Archive by category | Genetics

Publishing metrics and agricultural science

Publishing metrics and agricultural science

H-index is an author-level metric that measures both productivity and citation impact of an author’s publications across the global scientific community. It is calculated by counting the number of publications in which an author has been cited by other authors. H-index 100 means each of the latest 100 of the author’s papers have been cited at least 100 times.  Read more

Away from home: Doubling research fun with twin subjects

Away from home: Doubling research fun with twin subjects

The ‘Away from home‘ blog series features promising young Indian postdocs working in foreign labs. They recount their experience of working in foreign lands, the triumphs and challenges, the cultural differences and what they miss about India. They also offer useful tips for other Indian postdocs headed abroad. You can join their online conversation using the #postdochat hashtag.  Read more

Dance your Science: Where did Indians come from?

Nature India‘s most recent and most creative foray into science communication is through a format called dance-narration. At the beautiful confluence of science and arts, these dance-narration productions are a unique new way of science story telling using the rich medium of traditional Indian performing arts.  Read more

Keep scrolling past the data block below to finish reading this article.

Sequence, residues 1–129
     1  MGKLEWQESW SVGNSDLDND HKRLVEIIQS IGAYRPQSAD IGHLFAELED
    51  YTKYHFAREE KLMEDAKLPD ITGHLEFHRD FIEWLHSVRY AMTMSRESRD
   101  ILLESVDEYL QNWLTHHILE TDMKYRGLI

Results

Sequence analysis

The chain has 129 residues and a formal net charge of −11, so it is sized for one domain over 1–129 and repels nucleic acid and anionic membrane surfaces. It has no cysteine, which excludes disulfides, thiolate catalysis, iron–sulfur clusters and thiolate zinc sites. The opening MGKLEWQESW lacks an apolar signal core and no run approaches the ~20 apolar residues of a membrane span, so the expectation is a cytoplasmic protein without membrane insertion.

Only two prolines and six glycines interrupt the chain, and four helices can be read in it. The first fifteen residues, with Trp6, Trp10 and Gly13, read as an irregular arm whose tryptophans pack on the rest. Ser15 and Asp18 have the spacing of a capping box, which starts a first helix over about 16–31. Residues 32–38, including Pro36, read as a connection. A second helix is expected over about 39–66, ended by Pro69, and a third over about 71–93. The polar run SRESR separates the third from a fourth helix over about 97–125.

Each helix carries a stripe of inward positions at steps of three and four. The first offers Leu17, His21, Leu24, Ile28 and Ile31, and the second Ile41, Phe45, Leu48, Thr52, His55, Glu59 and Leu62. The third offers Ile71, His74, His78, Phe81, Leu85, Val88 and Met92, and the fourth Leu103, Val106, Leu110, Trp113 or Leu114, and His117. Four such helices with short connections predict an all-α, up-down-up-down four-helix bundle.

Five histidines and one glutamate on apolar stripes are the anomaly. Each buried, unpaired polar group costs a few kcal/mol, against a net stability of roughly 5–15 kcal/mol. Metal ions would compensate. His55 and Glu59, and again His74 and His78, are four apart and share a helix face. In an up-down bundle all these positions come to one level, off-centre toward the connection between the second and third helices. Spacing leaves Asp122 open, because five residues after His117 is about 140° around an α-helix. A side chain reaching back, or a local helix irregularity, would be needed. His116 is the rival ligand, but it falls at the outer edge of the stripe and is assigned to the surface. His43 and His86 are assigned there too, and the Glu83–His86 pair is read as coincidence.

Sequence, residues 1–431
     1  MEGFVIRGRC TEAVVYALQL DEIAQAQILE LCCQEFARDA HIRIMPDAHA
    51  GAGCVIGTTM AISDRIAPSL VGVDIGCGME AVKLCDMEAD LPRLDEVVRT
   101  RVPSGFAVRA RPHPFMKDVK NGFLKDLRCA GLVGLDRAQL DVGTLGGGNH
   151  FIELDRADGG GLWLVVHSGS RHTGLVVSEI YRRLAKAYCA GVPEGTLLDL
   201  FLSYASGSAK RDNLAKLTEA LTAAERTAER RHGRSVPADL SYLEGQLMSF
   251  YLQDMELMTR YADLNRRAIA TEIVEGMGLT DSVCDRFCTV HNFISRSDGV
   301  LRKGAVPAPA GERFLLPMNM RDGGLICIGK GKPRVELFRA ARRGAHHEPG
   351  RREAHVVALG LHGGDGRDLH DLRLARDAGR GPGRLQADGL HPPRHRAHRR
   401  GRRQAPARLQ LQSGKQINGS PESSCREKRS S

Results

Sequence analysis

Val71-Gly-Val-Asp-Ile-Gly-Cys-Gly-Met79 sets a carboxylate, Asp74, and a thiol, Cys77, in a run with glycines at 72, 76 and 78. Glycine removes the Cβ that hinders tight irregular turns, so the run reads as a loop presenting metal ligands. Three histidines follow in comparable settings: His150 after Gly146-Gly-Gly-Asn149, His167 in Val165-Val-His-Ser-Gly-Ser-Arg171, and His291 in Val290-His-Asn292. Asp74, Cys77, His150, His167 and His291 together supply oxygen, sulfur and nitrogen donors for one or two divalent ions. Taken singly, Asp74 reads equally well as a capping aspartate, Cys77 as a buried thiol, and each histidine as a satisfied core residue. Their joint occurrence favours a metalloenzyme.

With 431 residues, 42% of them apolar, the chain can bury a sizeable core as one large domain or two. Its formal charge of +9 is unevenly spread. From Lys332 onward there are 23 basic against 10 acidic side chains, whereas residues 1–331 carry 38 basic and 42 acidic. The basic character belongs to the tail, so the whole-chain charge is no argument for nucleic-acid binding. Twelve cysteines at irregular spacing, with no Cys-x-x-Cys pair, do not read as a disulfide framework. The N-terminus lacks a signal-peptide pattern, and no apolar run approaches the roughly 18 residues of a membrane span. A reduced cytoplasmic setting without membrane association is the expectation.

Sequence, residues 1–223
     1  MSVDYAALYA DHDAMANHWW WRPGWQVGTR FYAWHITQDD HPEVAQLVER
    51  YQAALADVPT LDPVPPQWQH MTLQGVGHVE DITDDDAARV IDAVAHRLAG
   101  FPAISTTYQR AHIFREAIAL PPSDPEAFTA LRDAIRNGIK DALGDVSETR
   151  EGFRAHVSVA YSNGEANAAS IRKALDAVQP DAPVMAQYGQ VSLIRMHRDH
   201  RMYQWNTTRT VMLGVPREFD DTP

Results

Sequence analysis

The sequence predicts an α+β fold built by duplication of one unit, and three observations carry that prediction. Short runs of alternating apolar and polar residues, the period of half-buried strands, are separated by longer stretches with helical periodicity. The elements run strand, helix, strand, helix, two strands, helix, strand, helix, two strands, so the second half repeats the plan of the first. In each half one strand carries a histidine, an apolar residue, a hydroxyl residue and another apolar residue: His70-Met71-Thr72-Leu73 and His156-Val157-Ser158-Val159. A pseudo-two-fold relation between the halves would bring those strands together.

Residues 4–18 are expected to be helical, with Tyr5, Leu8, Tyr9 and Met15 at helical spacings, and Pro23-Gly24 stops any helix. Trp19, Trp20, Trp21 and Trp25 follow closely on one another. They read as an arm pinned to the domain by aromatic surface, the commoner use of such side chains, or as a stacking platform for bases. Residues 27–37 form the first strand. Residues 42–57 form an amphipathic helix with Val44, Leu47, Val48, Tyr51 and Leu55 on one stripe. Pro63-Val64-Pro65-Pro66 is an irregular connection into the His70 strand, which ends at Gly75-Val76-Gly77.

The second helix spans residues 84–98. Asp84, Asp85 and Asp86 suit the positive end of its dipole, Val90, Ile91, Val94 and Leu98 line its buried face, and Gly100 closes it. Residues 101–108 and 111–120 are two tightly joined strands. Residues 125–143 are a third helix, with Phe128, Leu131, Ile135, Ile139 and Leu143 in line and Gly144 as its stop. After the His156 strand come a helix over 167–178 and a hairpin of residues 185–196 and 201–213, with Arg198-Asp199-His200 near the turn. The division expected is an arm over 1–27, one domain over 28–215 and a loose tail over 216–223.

Bricks + Mortals: mapping the racist roots of science

Bricks + Mortals: mapping the racist roots of science

If walls could speak: the saying might have been tailor-made for University College London’s new exhibition. Bricks + Mortals uses the campus buildings to tell the story of how eugenics gained a foothold at the university over a century ago. The epicentre, a lab for “national eugenics”, was set up in the early 1900s by Francis Galton, the Victorian mathematician and ‘father of eugenics’ whose crude bolting of statistics to human variety marks a nadir of modern science. Several UCL buildings and lecture theatres still bear the names of eugenicists.  Read more

Ancient DNA and the rise of ‘celebrity science’

Ancient DNA and the rise of ‘celebrity science’

Whether it’s about Neanderthal-human interbreeding or the prospect of resurrecting woolly mammoths, the public cannot seem to hear enough about ancient-DNA research. For science historian Elizabeth Jones, ancient DNA offered an opportunity to study the development of a field in the crucible of intense public interest. She defines the phenomenon as “celebrity science”, in which scientists harness attention to generate interest in their work and capture future funding.  Read more

Tracking the propulsive power of science books

Tracking the propulsive power of science books

What makes a science tome so audacious, original and right that it kickstarts a life’s journey, propelling someone to the bench or field? Science writer Ann Finkbeiner (of The Last Word on Nothing) has written about that for A View from the Bridge. And when Academic Book Week fired up on 23 January, I started musing anew about encounters with remarkable books.  Read more

Humboldt biography wins Royal Society prize

Humboldt biography wins Royal Society prize

If fame were measured in namesakes, Alexander von Humboldt might reign supreme. The moniker of the brilliant biogeographer, naturalist and explorer graces dozens of species and phenomena, from the hog-nosed skunk Conepatus humboldtii to a sinkhole in Venezuela. Yet the Prussian polymath’s reputation has lagged somewhat behind that of, say, Charles Darwin. Andrea Wulf’s The Invention of Nature went some way towards changing all that. Now this immensely acclaimed biography is burnished anew by winning the Royal Society’s Science Book Prize, sponsored by Inside Investment.  Read more